Gilbert Baker, creator of the iconic LGBTQ+ rainbow flag, passed away this weekend from hypertensive heart disease in his New York City home at just 65 years old.

Baker was born in Kansas in 1951, and made his way to San Francisco in early 1970 where he was stationed during his time with the United States Army. During this time, the gay rights movement was heading into full gear in San Francisco.

It was not until his honorable discharge from the army in 1972 that Baker taught himself how to sew. He created a variety of famous flags including special designs for the presidents of France, Venezuela and the Philippines as well as the flag for the 1984 Democratic National Convention.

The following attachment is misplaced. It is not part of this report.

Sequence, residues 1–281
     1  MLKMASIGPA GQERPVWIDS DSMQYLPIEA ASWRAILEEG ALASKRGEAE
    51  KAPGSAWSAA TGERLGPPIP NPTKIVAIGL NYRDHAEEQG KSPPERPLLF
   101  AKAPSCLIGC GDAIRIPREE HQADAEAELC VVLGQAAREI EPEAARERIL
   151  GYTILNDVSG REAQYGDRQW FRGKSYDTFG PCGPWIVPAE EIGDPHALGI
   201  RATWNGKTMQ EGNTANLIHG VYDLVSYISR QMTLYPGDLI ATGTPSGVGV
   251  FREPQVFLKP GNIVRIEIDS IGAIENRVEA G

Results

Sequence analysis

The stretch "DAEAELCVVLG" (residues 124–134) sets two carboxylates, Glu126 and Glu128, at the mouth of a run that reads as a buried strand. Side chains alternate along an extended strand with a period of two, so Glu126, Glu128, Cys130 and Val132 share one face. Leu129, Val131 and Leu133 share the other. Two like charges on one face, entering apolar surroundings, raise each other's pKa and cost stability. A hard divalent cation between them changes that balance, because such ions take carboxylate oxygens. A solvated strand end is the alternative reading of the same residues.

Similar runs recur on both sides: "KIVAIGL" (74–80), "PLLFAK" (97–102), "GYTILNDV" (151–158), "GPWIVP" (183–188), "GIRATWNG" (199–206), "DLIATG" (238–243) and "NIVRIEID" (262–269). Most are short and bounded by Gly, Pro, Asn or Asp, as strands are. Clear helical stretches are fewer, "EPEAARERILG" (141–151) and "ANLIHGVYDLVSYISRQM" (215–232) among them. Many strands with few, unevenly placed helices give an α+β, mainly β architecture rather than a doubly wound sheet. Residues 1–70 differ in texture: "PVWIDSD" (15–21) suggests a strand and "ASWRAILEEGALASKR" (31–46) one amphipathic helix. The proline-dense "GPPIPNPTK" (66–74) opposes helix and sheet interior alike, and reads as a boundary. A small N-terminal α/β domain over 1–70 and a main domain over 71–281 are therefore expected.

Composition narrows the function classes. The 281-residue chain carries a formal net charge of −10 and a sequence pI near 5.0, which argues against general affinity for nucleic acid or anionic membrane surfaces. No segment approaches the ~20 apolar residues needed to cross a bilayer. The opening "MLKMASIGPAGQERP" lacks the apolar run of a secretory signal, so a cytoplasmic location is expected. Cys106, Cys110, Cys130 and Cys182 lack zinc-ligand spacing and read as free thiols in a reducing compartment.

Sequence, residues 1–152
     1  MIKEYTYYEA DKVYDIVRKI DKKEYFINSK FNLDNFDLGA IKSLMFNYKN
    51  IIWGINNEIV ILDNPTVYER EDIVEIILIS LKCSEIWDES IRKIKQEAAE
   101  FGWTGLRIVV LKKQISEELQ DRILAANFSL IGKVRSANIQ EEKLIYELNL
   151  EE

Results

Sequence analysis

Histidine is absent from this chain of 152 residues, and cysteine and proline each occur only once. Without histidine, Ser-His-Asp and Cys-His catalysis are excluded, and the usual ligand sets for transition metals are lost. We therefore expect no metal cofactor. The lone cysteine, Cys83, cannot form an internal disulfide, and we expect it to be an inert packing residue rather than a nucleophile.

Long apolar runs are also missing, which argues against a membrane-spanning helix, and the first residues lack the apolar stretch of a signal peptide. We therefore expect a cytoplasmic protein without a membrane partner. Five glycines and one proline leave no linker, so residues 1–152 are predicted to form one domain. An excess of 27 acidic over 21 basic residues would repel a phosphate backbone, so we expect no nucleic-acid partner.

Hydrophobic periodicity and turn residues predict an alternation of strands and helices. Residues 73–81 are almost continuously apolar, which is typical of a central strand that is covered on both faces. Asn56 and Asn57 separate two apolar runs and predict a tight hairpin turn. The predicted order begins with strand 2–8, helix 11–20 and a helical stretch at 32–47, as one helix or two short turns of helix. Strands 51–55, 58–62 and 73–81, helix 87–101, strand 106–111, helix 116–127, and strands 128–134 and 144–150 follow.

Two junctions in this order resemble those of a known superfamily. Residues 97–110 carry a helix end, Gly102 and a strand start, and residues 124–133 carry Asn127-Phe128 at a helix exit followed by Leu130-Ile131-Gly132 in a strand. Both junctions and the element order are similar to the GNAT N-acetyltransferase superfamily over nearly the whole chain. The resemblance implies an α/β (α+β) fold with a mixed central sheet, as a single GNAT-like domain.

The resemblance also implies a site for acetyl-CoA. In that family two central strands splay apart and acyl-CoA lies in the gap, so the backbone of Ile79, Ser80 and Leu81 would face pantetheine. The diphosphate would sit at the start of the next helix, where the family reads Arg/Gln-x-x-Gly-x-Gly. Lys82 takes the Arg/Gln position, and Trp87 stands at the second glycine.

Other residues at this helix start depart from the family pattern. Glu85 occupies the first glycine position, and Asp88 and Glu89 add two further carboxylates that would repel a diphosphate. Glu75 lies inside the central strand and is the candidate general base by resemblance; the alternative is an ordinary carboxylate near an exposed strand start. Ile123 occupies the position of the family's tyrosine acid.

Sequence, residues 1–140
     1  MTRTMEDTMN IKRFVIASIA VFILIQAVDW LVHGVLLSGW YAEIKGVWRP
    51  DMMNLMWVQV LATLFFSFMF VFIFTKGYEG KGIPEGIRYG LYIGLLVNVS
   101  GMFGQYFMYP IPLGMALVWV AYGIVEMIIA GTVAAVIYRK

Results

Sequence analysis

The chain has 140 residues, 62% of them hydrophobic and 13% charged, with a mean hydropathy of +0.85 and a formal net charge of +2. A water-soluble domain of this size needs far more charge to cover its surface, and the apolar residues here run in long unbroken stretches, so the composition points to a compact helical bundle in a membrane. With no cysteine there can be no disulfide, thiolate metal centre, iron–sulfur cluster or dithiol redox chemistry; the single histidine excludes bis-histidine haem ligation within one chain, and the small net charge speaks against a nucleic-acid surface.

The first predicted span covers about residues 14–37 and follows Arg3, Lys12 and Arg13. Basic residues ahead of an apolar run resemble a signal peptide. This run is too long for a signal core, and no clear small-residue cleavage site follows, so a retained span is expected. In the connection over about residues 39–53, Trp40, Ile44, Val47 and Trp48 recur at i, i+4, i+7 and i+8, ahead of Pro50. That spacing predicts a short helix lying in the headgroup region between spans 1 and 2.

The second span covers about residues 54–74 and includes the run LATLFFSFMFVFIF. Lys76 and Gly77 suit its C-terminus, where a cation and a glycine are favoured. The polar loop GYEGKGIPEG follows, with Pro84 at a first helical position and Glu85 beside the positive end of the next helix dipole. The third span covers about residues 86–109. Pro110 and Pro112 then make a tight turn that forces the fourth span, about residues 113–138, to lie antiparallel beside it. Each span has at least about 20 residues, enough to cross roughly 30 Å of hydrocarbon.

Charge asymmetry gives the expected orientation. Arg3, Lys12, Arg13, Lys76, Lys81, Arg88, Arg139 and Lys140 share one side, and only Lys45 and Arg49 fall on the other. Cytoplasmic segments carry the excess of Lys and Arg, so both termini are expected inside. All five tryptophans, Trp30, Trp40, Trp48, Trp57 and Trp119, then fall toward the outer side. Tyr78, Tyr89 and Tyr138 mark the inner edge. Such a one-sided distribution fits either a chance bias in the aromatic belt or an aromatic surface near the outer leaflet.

The original pride flag, created in 1980, had eight colors instead of the commonly used six colors. The flag started with hot pink instead of the current red. Baker assigned meaning to each of the colors that he sewed into the flag. The hot pink stood for sex, red for life, orange for healing, yellow for sunlight, green for nature, turquoise for art, indigo for harmony, and violet for spirit. Today’s iconic flag does not feature the hot pink or turquoise stripes.

As the creator of such an iconic flag, Baker modeled his drag name, “Busty Ross,” after the legendary Betsy Ross who created the flag for the United States of America.

The LGBTQ+ community and its allies mourn the loss of Baker and will continue to display his flag with honor